But for a culture where Hokusai was drawing manga (man-ga or to randomly wander around, drawing-wise) at the same time as The Great Wave Off Kanagawa, it’s worth bearing in mind that the best-known japanese saying in the West:

Deru kui wa utareru.

“The nail that sticks up will be hammered down,” may mean more to us than to the average Japanese nowadays. After all, the best-known western saying in Japan is probably:

Mind the gap.

The cultural relevance of that one runs out pretty quick.


Not true dat?

Still putting my writing through trueness to SFF. Memo to self, of all fake genres, using bits of SFF to sex up a straight-down-the-genre-line romance, crime thriller, action, etc is

not true dat

The core SFF readership are geeks in the purest sense of the term; an enthusiasm that can follow Brony to the ends of the earth. For why? Because everybody else thinks it’s weird but we don’t, so what everybody else thinks doesn’t matter? Who knows, it’s about commitment to the largely-indefensible, perhaps. It has its own battles, the fake geek chick being the most insidious. Like mixed bathing, we’re at our most vulnerable when we’re just letting go in front of others in our core geekhood.  Pointing up gender in those circumstances (and the wicked corollary that female = fake geek chick) is the last thing you want.

I’m checking that I haven’t used SFF like a piece of lego slotted onto a standard YA, NA romance or crime thriller or even litfic looking for niche-cred. Because that is messin’ with irrational enthusiasm. Which, when messed with, comes out the other side as seriously pissed off.

The temptation’s always there, to increase the chances of publication or shelf-space by introducing SFF elements, which is like introducing a fake tattoo. Inkers and the SFF community have that well-weathered tolerance of any group that’s spent its formative years in a niche in the smooth surface of the status quo, waiting to be absorbed, Borg-like. But even inkers and SFF can be pissed off by fakes.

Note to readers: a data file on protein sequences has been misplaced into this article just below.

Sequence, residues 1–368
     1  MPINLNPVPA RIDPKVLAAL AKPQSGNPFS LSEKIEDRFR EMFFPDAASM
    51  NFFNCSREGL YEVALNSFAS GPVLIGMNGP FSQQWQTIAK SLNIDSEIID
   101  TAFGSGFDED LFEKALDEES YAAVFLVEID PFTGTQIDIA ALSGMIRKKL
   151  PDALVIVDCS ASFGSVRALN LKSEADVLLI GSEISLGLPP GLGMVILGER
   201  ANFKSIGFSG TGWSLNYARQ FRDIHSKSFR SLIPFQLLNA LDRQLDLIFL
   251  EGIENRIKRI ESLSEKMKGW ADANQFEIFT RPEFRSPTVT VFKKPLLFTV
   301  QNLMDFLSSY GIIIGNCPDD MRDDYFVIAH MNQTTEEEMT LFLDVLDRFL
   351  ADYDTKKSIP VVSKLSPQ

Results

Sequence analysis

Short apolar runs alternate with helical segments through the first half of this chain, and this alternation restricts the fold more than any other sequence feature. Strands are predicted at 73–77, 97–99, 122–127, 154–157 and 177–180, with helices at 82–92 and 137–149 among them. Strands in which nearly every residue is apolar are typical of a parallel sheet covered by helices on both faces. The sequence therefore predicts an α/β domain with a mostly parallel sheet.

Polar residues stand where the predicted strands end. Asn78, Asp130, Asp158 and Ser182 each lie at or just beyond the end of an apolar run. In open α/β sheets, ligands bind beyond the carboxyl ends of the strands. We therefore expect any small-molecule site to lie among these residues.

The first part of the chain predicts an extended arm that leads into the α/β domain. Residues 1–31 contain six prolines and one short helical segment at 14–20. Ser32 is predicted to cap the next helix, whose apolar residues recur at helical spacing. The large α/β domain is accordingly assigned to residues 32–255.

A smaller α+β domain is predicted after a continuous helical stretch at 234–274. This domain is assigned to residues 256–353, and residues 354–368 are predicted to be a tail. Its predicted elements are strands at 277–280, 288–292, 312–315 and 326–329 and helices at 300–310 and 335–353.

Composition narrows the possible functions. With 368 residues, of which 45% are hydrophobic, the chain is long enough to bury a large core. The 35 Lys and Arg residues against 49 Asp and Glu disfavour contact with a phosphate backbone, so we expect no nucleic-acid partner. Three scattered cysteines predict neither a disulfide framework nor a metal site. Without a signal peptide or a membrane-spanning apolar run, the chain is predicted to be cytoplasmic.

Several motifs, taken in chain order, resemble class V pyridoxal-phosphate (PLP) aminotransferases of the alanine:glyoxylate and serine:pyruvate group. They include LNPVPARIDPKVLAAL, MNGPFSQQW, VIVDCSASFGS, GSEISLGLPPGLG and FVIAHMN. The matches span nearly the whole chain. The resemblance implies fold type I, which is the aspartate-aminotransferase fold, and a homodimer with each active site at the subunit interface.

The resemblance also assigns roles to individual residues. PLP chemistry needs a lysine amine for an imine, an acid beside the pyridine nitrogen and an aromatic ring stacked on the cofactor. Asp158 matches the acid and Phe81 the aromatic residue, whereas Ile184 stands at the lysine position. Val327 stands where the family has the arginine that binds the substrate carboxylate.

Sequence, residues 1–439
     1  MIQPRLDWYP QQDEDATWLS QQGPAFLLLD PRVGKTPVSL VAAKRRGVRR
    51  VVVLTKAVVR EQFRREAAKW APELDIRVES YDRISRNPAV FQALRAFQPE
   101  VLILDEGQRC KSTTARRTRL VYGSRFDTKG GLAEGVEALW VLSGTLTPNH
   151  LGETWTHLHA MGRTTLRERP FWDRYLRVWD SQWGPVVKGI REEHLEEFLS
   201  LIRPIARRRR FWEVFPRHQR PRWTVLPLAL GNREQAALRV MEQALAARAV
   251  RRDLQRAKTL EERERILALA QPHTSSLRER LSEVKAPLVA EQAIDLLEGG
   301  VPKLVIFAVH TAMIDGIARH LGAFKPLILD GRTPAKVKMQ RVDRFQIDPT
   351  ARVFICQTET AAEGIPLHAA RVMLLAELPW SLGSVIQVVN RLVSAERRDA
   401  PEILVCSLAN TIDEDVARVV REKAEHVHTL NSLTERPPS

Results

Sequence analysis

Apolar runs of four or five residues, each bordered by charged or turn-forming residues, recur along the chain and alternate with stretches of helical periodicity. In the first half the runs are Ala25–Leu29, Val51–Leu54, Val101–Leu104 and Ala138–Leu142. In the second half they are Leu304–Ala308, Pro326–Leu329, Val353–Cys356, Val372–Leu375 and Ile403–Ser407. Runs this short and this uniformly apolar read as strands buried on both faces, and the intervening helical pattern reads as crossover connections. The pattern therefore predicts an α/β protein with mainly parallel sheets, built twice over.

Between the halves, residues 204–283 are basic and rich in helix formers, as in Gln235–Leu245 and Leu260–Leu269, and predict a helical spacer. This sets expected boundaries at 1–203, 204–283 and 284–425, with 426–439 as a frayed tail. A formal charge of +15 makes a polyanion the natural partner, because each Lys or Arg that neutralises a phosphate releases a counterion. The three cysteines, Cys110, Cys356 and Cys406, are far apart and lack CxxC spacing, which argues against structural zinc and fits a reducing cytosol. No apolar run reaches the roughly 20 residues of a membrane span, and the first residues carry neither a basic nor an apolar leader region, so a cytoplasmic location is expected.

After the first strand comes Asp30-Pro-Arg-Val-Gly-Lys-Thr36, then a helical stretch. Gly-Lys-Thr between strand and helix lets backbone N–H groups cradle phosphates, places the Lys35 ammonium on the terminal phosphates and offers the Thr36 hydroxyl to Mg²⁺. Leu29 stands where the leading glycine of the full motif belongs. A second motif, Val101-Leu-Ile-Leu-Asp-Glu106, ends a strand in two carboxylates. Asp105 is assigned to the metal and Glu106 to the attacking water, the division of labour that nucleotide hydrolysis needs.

The answer is, have I written books like Margaret Atwood, Kazuo Ishiguro where the SFF is part of good, good stories that challenge the status quo?

No, I have not written books like Margaret Atwood and Kazuo Ishiguro.

But yes, I have been true to the SFF genre.

true dat.

China Miéville is the Boss


It struck me, watching China Miéville come out on stage at the Purcell Room yesterday, that in a fight with any current modern author, he’d win. To begin with it was the muscle, the tattoos and the piercings. Then, when he started to talk, I realized it’s because he is seriously Intelligent (the capitalization isn’t a typo). He writes New Weird, but is in no way weird himself.

He was there to give an archaeological literary examination of London as a source of speculative fiction, visionary edge and a growing, niche genre of urban fantasy.

Within two minutes he’d used half a dozen terms, perfectly understandable in context, which I should have written down. One I had to ask him to put in my signed copy of The City and the City.

The word of the day = Perichoresis

It was the combination of Boss-ness regarding words as well as inks that led me to refer to “The Big Bang Theory” in the Q&A. Suddenly I wasn’t sure I knew sweet eff ay about the use of language.

I’m going to need to get hold of a transcript before I can do “Visions of London” justice.

For the moment, I’m just really worried I’ve written China Miéville into Skinny Inkers as Ink-tup.